Can I safely discuss letting him go? Protected Conversations and Settlement Agreements

hands-in-interviewI have an employee who has just become completely disengaged with his job. He is employed by us as a salesperson in our small furniture saleroom and he needs to be much more customer friendly than he is. I have asked him if there is anything wrong but he says no and just denies there is a problem but says he is thoroughly  fed up with his job. He has been with us for 3 years now. Can I safely have a conversation with him to suggest he might want to think about leaving?

Previously it was quite difficult to initiate this sort of conversation when no existing dispute or issue existed between the employer and the employee. However in 2013 new legislation came into force which provides that even where no employment dispute exists, or even if the employee is unaware that there is a problem, the employer may still initiate, discuss and ultimately offer an agreement (known as a settlement agreement) in the knowledge that their conversations will be confidential and  cannot be held against them in any subsequent claim to an employment tribunal for unfair dismissal.

However just be careful to ensure that when you initiate these discussions you follow these guidelines:

  1.  Ensure there is no unlawful victimisation or discrimination in what you are doing. For example if you want to exit the employee because of impaired performance through a disability, this is likely to fall foul of discrimination legislation and would therefore not be covered by the confidentiality arrangements. So these discussions could be referred to at a claim for disability discrimination.
  2.  Think about what you might want to offer the individual by way of financial payment to accept the settlement agreement. Remember they will also be entitled to either work or be paid for their notice period and any outstanding holidays they have left.
  3.  If this is coming ‘out of the blue’ for the member of staff think about how you can approach them sensitively about this.
  4.  You should now write to them confidentially confirming a meeting. Although not a legal requirement, you might also want to give them the opportunity to be accompanied by a work colleague or trade union representative. In this letter you can outline the settlement package you are proposing – there is a template letter in the ACAS guidance.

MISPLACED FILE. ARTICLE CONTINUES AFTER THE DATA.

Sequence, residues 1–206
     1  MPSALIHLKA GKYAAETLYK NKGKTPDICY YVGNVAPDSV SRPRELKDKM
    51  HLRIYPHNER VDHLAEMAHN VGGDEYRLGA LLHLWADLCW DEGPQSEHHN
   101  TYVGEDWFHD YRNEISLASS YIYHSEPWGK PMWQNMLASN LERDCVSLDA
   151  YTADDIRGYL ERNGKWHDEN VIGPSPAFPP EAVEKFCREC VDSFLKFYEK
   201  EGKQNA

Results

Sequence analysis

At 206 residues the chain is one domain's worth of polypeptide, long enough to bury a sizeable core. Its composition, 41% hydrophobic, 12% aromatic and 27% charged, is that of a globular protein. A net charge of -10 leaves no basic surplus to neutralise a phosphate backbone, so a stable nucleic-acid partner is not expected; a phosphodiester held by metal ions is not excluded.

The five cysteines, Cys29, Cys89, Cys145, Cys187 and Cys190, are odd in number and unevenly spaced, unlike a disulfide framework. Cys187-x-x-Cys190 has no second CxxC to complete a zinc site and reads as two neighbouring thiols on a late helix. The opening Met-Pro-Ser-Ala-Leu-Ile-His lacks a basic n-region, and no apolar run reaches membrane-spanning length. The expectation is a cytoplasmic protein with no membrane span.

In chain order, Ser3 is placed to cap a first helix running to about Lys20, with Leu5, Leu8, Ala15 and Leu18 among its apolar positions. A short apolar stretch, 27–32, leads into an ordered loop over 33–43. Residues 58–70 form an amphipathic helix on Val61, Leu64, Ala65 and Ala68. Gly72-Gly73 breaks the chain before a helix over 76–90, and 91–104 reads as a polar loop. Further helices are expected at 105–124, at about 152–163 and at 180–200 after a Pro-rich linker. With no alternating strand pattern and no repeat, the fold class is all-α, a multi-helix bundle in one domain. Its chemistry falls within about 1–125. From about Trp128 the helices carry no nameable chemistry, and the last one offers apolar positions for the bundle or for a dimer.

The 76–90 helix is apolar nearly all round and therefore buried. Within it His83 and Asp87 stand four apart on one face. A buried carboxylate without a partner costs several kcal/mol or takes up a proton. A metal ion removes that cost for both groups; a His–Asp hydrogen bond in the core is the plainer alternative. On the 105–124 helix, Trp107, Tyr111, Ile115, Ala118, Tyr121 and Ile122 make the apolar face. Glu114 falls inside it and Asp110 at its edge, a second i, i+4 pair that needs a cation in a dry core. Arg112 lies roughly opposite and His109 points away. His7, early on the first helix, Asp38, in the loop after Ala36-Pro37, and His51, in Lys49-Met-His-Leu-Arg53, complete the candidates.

5.  At the first meeting it is sensible to explain to your employee why they are there, and the problems you have encountered with them. Also explain the confidentiality arrangements which will apply to the meeting and the implications of accepting the settlement – i.e. they give up the right to apply to an employment tribunal for unfair dismissal.
  6.  Once you have met with the employee, and hopefully agreed the settlement, you will need to produce the final settlement agreement document. There is a template in the ACAS code which you can adapt. Remember they must be given 10 working days to be able to consider your offer. They also have to take formal independent advice from a lawyer or other qualified and insured adviser (you might want to offer to contribute to or even pay for this as a goodwill gesture – around £200 – £300 would probably be about right). The settlement agreement will not be valid unless they have done this. You may find their adviser will request some changes to the agreement. You should consider these, and if you agree with them you can build them into the final document. If you are in any doubt, you might also wish to speak to a legal adviser. Make sure the employee’s adviser has signed a declaration to confirm they have advised the employee – this is incorporated into the ACAS template.
  7.  You might also want to agree a reference with the employee as part of the deal.
  8.  If the employee does not accept the offer of a settlement agreement, then you should pursue other fair methods to address their performance issue – for example through a capability or disciplinary process.

(Article reviewed March 2018)

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